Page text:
Emotions and emotional development: gifted and talented children

If your child is gifted and talented, you might notice that she has very strong emotions, interests and opinions compared with other children her age. Sometimes gifted and talented children have trouble managing these strong feelings.

For example, a young gifted child might be very upset when his drawing isn’t as ‘good as the one in the book’. A school-age child might worry more than others about friendship troubles or not always getting things ‘right’ in class. Older children might feel anxious about not being able to fix climate change. Or they might be extremely excited about a work of art and not understand why others don’t feel the same way.

This is all normal for gifted and talented children.

Strategies for handling strong feelings in gifted and talented children
Good communication is the key to supporting your gifted child’s emotional development and helping your child learn to manage emotions.

It’s all about talking, listening and responding in a sensitive way, even when your child’s feelings seem out of proportion to what has happened. Talking and listening gives your child time to think through her feelings and gives you the chance to really understand those feelings.

It’s good to help young children learn to self-regulate by naming feelings and suggesting ways to manage them. For example, ‘It sounds like you feel frustrated about your drawing. Why don’t you have some quiet time in your special chair with your favourite book?’

If your child is older, active listening and problem-solving can help you and your child work through the ups and downs of adolescence.

Social development and skills: gifted and talented children

Gifted children can think faster and more deeply than other children their age. So they’re often good at imagining what it’s like to be in somebody else’s situation.

Sometimes these qualities mean your gifted and talented child gets along well with others. Other times, it might seem like your child doesn’t quite fit in with children his own age.

Also, you might have noticed that your gifted child prefers to play or be with older children – brothers, sisters, cousins, neighbours. This is normal too. It’s because your child is thinking and feeling at a similar level to older children.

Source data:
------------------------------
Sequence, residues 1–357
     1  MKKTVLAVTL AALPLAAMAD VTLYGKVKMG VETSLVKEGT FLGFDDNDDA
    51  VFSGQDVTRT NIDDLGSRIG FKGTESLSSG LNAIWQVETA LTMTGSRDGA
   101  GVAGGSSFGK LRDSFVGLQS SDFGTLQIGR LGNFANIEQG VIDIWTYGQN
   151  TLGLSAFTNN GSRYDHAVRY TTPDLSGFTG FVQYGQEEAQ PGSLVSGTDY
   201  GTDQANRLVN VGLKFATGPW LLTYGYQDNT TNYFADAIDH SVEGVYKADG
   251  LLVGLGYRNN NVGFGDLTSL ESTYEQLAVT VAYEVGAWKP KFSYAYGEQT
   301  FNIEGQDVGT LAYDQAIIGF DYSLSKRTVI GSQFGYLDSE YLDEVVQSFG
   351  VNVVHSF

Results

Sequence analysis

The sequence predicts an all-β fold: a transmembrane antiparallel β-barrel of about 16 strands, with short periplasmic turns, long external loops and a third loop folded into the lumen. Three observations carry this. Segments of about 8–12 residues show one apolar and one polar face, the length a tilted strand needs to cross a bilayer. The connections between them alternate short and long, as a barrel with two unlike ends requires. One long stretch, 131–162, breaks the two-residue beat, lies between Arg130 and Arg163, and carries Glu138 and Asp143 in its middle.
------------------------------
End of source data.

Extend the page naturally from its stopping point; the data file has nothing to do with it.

Strategies for helping gifted and talented children get along with others
Like any child, your gifted child will sometimes need your help to learn about getting along well with others.

A great starting point for getting along with people is understanding that different people have different strengths. You can help your child learn this as part of your everyday family life.

You can also give your child opportunities to build and practise social skills through:

Behaviour: gifted and talented children

Like all children, gifted and talented children can behave in challenging ways sometimes. But their challenging behaviour can happen for particular reasons. For example, it can happen because they:

  • are quick to question family rules and routines
  • get frustrated
  • lack learning opportunities.

Strategies for managing family rules and routines
Your gifted child probably has an excellent memory, so she’s likely to remember rules and routines well.

But it might be hard to get your child to follow your family rules and routines. For example, he might not want to turn out the light if he’s reading a book he’s really interested in. Or he might come up with some very good reasons why reading is more important than going to sleep!

It can help to be firm about your general expectations – for example, turning the light out by 9 pm on weeknights. But being ready to negotiate about little things is a good idea – for example, letting your child use a mindfulness app instead of reading sometimes.

Strategies for handling frustration
Gifted children often set very high standards for themselves and get frustrated when they can’t meet them. This can sometimes result in tantrums and other difficult behaviour.

It’s great for your child to work towards high standards. But your child needs to understand that she can’t have high standards for everything. It’s OK to make mistakes. You can talk with your child about how mistakes help us learn what to do differently next time.

One of the most powerful ways to help your child learn this lesson is to be a role model for him. For example, calmly point out to your child when you make a mistake and show him how you work it out.

Strategies for handling lack of learning opportunities
When gifted and talented children need more learning opportunities outside home, they might:

  • not engage with activities or other children at child care or school
  • have tantrums after coming home from child care or school
  • distract classmates at school or stare out the window instead of doing the classwork
  • seem fine at school, but be very difficult or sad at home.

If this sounds like your child, first talk with your child about what’s happening at school or child care. Listen for any clues that she needs new learning opportunities or other support. For example, your child might say something like, ‘I already know the work, but my teacher keeps giving me the same thing’ or ‘The other children won’t let me join in the game because I’m a lot better than they are’.

Next, talk with your child’s educators about your child’s worries, behaviour or learning needs. If you can work with your child’s educators to support your child’s needs, these difficulties will probably go away.

Get more ideas for encouraging good behaviour in children and good behaviour in teenagers.